In 2017, CNN reported that “Warehouse conversions are sweeping the globe,” citing the continuing trend of reclaiming industrial spaces as residential living solutions that started in the 1990s.
And as architects and developers looked for ways to turn their fortunes around mid-pandemic in 2021, CNBC looked at 10 cities who had already begun developing office buildings into apartments to meet housing demand.
Not surprisingly, New York is leading the way in adaptive reuse initiatives, with Washington, D.C., Cleveland, Ohio, Philadelphia, Pennsylvania, Chicago, Illinois, Alexandria, Virginia, and Los Angeles, California also in the mix.
One of the most exciting possibilities to emerge from adaptive reuse in urban areas is the ability to remake office spaces into mixed-use properties with a variety of retail, restaurant and bar, and residential spaces all in one building.
Tremendous planning is required to effectively and safely convert office space to residential units. As City Signal reported in late 2022, many of the structures were built on 25,000 square foot slabs so they could be flexible for cubicles and partitions based on shifting corporate needs.
These designs also capitalized on natural light, but only on the exterior of the slab, which means the “easy” fix for adaptation is to turn a doughnut of exterior-facing offices into residences.
All that windowless space in the interior is just one of the many reasons that multi-unit residential buildings require a complete retrofit to make the most of their space.
As per City Signal, “…multifamily properties also need to include sufficient allocation for utilities such as plumbing, electrical conduits, and HVAC ductwork, as well as safety accesses like stairways, egress windows, and fire-protected exits… To make them fully operational, developers need to completely rework the property’s design to include additional skylights, elevator access, utilities, scrap dated features like drop tile ceilings, install bathrooms and kitchens for each unit, and so on.”
Proper Renovation and New Construction Planning Requires Accurate Scans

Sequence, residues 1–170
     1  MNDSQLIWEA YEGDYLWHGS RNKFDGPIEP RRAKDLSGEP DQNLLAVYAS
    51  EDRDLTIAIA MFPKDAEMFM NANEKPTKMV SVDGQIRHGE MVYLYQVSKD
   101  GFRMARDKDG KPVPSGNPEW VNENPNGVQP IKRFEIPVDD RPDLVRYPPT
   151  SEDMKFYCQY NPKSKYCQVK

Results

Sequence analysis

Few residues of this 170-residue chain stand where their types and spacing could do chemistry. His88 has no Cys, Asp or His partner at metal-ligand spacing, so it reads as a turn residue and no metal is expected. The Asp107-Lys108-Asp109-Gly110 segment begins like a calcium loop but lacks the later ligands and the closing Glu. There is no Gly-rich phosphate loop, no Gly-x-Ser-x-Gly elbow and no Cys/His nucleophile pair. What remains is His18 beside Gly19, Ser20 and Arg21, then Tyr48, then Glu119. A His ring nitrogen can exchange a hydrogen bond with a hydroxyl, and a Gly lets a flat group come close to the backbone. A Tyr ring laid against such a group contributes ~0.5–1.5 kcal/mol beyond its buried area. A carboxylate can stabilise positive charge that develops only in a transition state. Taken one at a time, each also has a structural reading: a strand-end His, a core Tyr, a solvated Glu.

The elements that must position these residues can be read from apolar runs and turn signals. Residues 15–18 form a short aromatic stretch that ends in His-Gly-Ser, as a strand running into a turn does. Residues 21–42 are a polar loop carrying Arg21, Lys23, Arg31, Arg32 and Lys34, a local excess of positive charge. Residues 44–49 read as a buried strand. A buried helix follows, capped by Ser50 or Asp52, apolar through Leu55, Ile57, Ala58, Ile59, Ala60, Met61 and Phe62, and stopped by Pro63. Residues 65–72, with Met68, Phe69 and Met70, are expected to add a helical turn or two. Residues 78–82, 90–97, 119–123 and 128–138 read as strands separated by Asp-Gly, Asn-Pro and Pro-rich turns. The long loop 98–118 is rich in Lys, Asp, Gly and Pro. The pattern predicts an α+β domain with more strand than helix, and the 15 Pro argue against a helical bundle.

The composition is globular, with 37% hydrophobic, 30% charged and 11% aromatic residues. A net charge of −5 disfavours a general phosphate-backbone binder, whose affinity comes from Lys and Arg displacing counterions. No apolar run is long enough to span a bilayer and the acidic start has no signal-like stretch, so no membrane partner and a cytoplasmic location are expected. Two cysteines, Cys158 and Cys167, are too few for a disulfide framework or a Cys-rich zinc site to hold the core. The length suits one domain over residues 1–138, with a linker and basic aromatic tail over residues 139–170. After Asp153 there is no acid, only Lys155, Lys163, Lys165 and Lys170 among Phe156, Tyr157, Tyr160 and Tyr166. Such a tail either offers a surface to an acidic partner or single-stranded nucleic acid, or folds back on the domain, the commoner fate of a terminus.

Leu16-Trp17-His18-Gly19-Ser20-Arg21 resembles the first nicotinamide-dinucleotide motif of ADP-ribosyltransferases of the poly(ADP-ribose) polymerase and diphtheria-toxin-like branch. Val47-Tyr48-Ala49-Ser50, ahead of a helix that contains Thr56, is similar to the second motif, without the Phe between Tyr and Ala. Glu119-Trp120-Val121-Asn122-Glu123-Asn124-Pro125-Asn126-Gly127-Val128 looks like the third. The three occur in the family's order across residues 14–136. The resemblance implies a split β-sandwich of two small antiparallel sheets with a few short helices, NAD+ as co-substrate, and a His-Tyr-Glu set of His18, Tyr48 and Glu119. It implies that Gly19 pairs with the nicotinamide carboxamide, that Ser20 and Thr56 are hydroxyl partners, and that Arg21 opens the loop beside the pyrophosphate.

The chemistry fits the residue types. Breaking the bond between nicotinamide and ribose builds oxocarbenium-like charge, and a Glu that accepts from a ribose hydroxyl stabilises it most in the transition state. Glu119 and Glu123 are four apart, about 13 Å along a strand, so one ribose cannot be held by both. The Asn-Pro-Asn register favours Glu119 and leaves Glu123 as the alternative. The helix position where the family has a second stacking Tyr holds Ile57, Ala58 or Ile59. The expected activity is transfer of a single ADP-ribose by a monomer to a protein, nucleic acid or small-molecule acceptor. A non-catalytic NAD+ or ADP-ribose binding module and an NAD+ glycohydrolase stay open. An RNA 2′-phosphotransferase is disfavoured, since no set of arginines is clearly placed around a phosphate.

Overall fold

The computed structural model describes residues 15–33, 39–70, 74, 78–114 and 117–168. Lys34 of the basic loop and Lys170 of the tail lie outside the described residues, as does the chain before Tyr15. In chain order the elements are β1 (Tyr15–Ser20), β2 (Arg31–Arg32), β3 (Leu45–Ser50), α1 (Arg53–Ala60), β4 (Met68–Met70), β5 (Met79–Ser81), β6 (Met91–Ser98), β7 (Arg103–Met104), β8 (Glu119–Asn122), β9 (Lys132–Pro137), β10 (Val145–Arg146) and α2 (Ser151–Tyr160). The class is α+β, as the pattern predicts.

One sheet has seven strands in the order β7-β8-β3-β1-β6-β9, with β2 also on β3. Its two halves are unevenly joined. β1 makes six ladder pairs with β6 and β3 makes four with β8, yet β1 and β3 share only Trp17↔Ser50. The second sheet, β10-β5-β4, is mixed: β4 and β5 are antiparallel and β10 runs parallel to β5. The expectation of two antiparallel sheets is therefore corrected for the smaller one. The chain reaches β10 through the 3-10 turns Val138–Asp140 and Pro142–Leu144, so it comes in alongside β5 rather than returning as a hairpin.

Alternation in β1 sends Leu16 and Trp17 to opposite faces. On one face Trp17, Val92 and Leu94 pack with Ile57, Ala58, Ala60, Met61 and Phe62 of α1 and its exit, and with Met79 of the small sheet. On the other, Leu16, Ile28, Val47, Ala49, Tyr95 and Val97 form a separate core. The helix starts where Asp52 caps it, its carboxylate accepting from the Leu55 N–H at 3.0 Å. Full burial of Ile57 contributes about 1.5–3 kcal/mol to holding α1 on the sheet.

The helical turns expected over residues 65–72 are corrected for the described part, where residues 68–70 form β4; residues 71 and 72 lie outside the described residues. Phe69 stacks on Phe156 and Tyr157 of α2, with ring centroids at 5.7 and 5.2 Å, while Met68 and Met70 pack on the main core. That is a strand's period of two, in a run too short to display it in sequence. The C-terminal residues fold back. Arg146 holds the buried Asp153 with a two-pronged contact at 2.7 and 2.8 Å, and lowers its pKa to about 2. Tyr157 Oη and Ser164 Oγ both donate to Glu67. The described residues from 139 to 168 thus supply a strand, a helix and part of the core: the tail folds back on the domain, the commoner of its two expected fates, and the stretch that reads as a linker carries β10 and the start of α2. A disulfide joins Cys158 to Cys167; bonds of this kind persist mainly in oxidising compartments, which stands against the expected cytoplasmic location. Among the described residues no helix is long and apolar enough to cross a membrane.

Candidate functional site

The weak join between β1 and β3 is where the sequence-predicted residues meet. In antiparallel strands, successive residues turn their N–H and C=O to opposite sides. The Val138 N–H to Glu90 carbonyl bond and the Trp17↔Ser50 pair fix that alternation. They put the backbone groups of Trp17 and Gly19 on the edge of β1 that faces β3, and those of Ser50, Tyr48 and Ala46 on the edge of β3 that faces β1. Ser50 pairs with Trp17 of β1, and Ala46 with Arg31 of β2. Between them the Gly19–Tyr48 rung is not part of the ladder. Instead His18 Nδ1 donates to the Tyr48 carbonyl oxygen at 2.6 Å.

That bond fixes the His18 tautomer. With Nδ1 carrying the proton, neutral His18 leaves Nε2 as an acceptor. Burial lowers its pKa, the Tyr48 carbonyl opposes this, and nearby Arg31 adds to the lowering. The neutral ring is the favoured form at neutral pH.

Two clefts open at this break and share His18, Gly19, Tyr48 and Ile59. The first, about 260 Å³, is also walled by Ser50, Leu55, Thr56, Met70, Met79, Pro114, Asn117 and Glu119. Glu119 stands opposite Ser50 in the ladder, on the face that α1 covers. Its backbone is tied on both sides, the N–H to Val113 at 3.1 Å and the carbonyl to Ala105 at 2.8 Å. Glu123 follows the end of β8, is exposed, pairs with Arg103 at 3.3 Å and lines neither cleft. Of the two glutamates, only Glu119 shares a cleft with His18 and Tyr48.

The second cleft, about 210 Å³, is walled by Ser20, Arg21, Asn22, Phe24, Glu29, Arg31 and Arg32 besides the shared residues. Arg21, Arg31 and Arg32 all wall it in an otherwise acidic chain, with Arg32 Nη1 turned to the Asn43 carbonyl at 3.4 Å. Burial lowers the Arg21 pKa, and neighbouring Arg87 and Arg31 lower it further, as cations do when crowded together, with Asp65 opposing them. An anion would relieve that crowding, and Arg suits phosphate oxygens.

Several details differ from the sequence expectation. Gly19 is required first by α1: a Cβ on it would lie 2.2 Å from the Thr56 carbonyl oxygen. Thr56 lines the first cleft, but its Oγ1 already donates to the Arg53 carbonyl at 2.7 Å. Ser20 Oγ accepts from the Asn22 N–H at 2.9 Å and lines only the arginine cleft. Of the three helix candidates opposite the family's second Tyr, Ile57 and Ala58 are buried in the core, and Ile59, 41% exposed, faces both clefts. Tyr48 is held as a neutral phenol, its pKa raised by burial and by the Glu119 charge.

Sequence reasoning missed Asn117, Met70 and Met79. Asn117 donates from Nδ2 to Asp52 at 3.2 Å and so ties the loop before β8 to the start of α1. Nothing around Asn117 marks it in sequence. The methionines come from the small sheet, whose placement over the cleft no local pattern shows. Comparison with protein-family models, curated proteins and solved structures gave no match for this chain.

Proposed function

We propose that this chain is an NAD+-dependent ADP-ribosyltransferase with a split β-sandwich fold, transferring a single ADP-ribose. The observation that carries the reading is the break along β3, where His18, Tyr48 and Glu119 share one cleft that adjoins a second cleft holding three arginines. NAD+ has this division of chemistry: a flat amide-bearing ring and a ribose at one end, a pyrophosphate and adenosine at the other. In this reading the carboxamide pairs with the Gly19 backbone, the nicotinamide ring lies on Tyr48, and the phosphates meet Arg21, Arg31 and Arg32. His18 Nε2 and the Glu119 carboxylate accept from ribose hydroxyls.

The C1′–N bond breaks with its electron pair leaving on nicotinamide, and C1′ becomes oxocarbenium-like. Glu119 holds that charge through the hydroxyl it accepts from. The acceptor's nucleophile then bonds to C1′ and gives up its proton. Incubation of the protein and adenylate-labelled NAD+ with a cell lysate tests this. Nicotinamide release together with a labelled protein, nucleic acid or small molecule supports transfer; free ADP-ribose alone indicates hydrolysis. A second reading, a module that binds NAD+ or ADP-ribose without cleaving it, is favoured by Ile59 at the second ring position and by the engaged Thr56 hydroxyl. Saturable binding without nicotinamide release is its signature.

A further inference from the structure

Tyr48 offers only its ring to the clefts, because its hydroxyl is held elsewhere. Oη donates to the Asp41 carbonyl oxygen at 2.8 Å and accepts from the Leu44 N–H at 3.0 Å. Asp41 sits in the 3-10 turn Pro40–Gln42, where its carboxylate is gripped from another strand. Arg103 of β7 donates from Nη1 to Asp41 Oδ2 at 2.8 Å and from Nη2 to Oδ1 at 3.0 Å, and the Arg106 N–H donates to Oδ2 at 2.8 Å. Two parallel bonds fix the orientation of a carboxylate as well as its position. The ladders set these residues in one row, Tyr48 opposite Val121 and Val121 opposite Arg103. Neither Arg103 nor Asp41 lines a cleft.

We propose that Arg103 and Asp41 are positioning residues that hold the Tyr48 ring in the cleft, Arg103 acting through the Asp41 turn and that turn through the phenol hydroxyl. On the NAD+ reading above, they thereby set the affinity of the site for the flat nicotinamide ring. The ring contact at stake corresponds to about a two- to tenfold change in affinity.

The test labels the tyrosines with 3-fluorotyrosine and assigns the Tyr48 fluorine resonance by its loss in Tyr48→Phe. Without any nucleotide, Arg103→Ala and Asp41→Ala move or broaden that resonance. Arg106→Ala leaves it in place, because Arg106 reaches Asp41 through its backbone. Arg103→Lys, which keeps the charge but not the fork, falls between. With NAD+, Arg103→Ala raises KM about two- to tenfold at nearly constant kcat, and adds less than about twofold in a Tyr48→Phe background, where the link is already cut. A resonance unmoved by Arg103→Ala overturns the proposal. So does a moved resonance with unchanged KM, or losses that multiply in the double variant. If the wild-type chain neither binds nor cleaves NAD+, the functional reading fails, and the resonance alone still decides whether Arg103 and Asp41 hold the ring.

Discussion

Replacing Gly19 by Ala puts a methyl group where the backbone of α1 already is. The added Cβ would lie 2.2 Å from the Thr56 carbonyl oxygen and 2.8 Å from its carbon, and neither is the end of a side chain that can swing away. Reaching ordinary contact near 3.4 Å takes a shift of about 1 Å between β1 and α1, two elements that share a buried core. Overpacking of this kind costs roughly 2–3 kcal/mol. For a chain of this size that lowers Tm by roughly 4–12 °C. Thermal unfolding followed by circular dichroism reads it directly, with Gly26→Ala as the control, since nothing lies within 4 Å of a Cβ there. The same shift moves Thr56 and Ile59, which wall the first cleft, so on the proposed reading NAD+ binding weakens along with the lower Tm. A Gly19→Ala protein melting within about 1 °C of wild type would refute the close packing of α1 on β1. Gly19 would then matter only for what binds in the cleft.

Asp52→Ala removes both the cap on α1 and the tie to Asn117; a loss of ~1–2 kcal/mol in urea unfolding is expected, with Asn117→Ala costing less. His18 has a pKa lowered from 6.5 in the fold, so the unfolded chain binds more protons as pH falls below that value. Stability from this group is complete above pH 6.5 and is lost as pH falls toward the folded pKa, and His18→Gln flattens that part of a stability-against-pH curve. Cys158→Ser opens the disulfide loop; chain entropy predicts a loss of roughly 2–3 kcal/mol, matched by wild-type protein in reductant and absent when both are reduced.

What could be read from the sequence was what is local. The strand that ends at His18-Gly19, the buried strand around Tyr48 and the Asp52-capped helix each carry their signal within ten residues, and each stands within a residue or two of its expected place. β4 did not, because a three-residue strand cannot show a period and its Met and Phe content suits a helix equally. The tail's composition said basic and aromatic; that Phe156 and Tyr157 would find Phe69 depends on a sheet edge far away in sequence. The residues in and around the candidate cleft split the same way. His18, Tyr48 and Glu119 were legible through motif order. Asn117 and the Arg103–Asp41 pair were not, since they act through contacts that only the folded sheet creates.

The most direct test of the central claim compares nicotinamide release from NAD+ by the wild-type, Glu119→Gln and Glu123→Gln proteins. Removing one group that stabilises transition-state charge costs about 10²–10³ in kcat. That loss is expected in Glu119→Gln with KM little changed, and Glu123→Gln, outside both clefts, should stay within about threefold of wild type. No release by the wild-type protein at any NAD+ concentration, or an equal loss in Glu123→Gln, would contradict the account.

When planning for retail renovations, or adapting and reusing office space into residential space, every concrete core for wall anchors, electrical conduit, piping, HVAC, updated safety measures, drop ceilings, etc. needs a concrete scan so that developers and contractors can avoid hitting PT cables, rebar, and existing embedments.
Further, millimeter-accurate 3D laser scanning is a necessity for planning purposes so that designers and engineers can take actual existing infrastructure into account as they imagine new spaces and uses.
And new construction of buildings and infrastructure needs all that, plus NASSCO-certified CCTV video pipe inspections, and accurate utility and subsurface infrastructure mapping so that general contractors and their teams can avoid utility strikes, and cross bores.
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Frequently Asked Questions
Is 2024 a good year to build a house?
Building supply costs have risen as much as 40.5% in the last two years. However, sliding residential construction rates and prices may contribute to a stabilization in the housing market, but that remains to be seen.
How much has COVID affected construction costs?
According to an article at jdsupra.com, pre-pandemic construction cost estimates can be off by as much as 40.5%, and if the house or building contains defects (the difference between the planned construction and the actual construction as-builts), they will need to be remedied. The fastest way to achieve accurate as-builts is through Intelligent Visualization that includes 3D laser scanning, concrete imaging, utility mapping, video pipe inspection, and mapping & modeling services to provide updated as-built records vs. “as intended” plan or record drawings.
What is the construction market outlook for 2024?
Manufacturing and infrastructure spending are leading a surge in construction growth for 2024 as both the CHIPS & Science Act and the Bipartisan Infrastructure Law provide funding for projects on a state-by-state grant basis. One upside is that states are doing their best to provide matching funds for many federal grants, increasing the available capital for expansions and improvements.